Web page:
Chamber hears from Hoover City Schools superintendent

 

By MICHAEL J. BROOKS/For the Reporter

HOOVER – Hoover Superintendent of Education, Dr. Kathy L. Murphy, gave a state of affairs report to the Hoover Area Chamber of Commerce luncheon on Nov. 17, and the report was a good one.

“We’re accountable to the federal and state governments,” Murphy said, “but our largest accountability is to you—the parents and the taxpayers. And we take this accountability very seriously.”

Murphy said the “No Child Left Behind” plan is still in force, but it’s giving way to the “Every Child Succeeds” plan signed by the president on Dec. 10, 2015. The state of Alabama has also adopted “Plan 2020” furthering accountability to Alabamians.

Murphy said the ACT test is given to all 11th graders in 16 U.S. states, including Alabama, and the Hoover system also administers the ACT Aspire test to grades three through eight and 10.

“We gave the ACT to 889 students in 2014 and 1,079 in 2015,” Murphy said. “Our students scored significantly above the state averages. And we scored higher on the ACT Aspire as well.”

Murphy cited several indicators in this scoring. In English language skills, the national average was 61 percent, Alabama’s average was 51 percent and Hoover’s average was 83.5 percent. In math, the national average is 41 percent, Alabama’s average is 23 percent and Hoover’s is 67.2 percent. And in science, the national average is 26 percent, Alabama average is 24 percent and Hoover’s average is 57.1 percent.

Murphy said Hoover was doing good work also with the at-risk/special education students who had similar high scores, and that the system had committed teachers working with this group.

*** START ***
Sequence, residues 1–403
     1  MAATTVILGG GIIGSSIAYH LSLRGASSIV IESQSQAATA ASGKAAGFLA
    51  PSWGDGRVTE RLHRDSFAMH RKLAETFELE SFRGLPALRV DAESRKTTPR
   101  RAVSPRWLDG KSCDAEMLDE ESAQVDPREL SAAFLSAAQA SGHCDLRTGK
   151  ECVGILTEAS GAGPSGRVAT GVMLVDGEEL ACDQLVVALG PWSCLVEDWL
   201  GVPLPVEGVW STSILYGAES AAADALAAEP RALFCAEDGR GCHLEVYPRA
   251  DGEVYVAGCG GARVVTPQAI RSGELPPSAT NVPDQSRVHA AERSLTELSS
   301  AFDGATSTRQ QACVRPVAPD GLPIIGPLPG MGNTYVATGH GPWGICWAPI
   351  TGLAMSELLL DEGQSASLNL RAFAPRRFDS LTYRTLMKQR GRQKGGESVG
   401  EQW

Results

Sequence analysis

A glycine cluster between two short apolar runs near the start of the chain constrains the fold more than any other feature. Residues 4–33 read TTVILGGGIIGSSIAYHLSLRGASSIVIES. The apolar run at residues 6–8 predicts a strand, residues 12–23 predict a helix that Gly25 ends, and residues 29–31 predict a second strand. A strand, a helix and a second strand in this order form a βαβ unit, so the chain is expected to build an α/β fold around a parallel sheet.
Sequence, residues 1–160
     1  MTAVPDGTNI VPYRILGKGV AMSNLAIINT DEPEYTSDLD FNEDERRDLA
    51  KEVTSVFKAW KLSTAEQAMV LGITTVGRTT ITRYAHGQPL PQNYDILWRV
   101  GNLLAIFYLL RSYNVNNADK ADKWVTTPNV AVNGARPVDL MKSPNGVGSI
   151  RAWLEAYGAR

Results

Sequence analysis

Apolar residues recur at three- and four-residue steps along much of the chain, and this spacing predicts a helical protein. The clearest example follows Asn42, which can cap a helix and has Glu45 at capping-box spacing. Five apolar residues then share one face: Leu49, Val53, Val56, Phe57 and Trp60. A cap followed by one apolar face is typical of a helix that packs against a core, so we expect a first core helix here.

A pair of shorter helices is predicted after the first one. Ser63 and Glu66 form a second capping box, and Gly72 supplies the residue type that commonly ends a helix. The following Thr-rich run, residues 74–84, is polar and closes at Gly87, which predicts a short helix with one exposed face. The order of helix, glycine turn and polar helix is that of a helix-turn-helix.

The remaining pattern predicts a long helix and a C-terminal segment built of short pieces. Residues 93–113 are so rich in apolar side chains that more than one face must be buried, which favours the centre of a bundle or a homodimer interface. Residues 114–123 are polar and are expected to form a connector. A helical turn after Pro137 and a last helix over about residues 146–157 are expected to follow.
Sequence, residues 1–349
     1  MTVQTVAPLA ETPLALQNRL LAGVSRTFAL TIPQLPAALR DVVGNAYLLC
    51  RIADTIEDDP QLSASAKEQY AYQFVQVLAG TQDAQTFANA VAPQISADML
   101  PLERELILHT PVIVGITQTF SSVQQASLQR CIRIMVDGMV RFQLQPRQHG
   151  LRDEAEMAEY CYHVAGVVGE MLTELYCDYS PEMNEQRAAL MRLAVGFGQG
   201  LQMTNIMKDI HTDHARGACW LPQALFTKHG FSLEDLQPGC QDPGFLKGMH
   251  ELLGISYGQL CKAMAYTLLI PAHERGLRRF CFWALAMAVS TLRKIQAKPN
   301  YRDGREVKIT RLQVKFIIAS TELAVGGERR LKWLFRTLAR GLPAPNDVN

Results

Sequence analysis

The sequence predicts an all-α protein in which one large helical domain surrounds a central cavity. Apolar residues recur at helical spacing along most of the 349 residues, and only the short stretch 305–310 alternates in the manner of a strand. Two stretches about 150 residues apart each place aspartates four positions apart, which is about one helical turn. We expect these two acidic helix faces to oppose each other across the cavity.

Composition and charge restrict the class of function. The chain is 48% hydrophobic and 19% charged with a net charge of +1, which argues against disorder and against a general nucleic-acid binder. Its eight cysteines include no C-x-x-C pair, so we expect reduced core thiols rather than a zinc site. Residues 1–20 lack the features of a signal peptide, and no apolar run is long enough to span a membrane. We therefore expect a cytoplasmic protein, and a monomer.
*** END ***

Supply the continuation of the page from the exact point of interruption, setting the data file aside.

Turning to graduation numbers, Murphy said the board’s goal is to “put everyone in cap and gown” and award diplomas. For 2015, Hoover had a 93.1 percent graduation rate that was one-half percentage point above the previous year.

“We’re not content with the other 7 percent,” she said, “but some of them are taking another year to finish their degree and some, unfortunately, drop out or leave without withdrawing.”

As to their after-graduation plans, Murphy said 84 percent of seniors attend one of the three schools they indicated interest in on the ACT and 46 percent of seniors were awarded scholarships totaling $60.5 million. Eighty-nine percent said they planned to attend a two- or four-year college and 4 percent planned to join the military.

“We believe vocational schools are a good option for many of our students,” Murphy said, “and this is something we’ll emphasize more in the future.”

Murphy said the system is making progress on safety and security and on fiscal matters, too.

“We’re pre-paying our 2010 bond and refinancing the 2005 bond, saving millions of dollars,” she said. “We’ve worked on salaries, utilities and capital outlays to save money. We ended the year with half a million (dollars) to the good.”

Murphy concluded her remarks by introducing the three finalists for the Chamber’s 2015-2016 “Hoover City Schools Employee of the Year.”

The award was presented to Lisa Yancey, office manager for student services, currently housed in Brock’s Gap Intermediate School.